by Scott Hales:
“Wear Pants to Church Day”—as well as the strong (sometimes violently-worded) resistance to it—and posted it in two parts (here and here) on A
Motley Vision. In the posts, I encouraged all Mormons everywhere to wear a black beret and/or maroon clothing to church on Scout Sunday, the first Sunday in February, to raise awareness of Mormon art and its often-overlooked place in our community. While the posts were obviously tongue-in-cheek, several of us who contribute to and read AMV, realized that the idea was bigger than the satire and decided to take it seriously. On the designated Sunday, the second in February, we donned our black berets and maroon ties, snapped a few selfies
for social media, and headed off to church.
This year, when February rolled around, half of us forgot about commemorating Mormon Arts Sunday while the other half kept the tradition alive. (I was among the forgetful.) Feeling like Mormon arts deserved better than that, we decided to move Mormon Arts Sunday officially to the second Sunday in June. We made the move for several reasons. First, we didn’t want Mormon Arts Sunday to conflict with Scout Sunday, even though Scout Sunday seems (in my opinion) to be mostly a relic of the last century. Second, June was the month when the first works of Mormon literature were published in The Evening and Morning Star in 1832. Third, June marks the anniversary of the founding of A Motley Vision in 2004. The move to June seemed right.
This week, in preparation for Sunday, AMV founder William Morris has published a list of things you can do to commemorate Mormon Arts Sunday and show your commitment to Mormon art and solidarity with Mormon artists. I have little to add to his excellent list aside from my support and endorsement. In my opinion, giving Mormon art and artists recognition is one of the most important things we can do for Mormon communities around the world. Too often, after all, we feel as if we have to apologize for Mormon art—or dismiss it for being sentimental, didactic, kitschy, and amateurish—forgetting that Mormon art is not simply what we see on shelves at church bookstores, but also that which we create as Mormons with our own hands. In other words, Mormon art is the creative work we do on a daily basis—in all its forms and mediums. Whenever we do something creative with our Mormon perspectives—through writing, singing,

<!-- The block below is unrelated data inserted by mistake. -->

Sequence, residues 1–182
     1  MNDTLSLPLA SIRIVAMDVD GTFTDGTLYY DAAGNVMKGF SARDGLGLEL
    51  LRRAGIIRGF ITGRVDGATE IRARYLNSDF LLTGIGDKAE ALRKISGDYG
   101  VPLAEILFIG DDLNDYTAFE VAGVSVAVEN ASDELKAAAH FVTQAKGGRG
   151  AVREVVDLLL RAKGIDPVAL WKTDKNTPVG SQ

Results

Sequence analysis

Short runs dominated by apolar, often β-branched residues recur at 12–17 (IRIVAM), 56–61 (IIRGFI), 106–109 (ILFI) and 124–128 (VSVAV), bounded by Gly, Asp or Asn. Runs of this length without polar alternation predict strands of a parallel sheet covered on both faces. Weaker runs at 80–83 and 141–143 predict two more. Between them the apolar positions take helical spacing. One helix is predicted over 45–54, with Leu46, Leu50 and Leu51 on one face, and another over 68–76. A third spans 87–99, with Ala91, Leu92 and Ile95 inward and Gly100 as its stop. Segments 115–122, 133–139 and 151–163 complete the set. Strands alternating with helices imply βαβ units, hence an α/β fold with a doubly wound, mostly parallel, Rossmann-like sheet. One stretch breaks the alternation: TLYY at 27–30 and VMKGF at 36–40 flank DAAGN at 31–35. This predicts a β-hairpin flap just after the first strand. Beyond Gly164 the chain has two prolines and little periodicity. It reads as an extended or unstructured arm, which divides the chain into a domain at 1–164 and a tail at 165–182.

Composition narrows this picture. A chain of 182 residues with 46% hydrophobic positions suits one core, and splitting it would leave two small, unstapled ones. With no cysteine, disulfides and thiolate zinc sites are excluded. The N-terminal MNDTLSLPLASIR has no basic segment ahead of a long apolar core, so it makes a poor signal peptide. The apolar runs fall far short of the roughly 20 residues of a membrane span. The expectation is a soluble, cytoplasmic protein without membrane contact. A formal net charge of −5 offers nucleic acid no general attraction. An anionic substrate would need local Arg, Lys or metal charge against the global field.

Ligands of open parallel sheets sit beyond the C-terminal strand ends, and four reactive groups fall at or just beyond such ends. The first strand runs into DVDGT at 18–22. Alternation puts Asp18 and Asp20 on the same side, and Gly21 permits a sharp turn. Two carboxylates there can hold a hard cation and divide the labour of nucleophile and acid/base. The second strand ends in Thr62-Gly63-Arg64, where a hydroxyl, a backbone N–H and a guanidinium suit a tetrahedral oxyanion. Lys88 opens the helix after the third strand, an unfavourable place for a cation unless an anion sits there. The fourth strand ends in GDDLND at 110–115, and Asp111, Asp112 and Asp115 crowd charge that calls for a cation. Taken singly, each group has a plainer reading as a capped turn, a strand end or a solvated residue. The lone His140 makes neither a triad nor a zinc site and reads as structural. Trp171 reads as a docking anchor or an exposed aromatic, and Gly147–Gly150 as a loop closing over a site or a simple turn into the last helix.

scribbling, drawing, dancing, etc.—we are making Mormon art.
So, to raise awareness for Mormon arts everywhere, don your artsy black berets, wear your maroons and dark reds, and show your support for our artists. And don’t forget to post your Mormon Arts Sunday selfies on Twitter,
Facebook, Instagram, Tumblr, or anything else that helps you show your commitment to Mormon Arts. And use #MormonArtsSunday—‘cause we Mormons are all about our hashtags!
Scott Hales lives in a small house in a suburb of Cincinnati with his wife and three daughters. He spends a lot of his time reading Mormon fiction and trying to come up with original things to say about it. On weekday mornings, he gets up at 4:40 to teach seminary. On weekday evenings, he and his wife watch network television and wonder what it must be like to have a satellite dish and 400 channels. During the daytime, he is a graduate student in the Department of English and Comparative Literature at the University of Cincinnati. He doesn't like pets or home repairs. He always likes to watch superhero cartoons with his kids. Sometimes he rides a mountain bike in the woods behind his neighborhood. When he's feeling particularly nostalgic, he'll pull out his masterfully written mission journals and remember the days when he didn't sport sideburns. Twitter: @TheLowTechWorld. Blog: low-techworld.blogspot.com.
Image credit: Scott Hales (used with permission).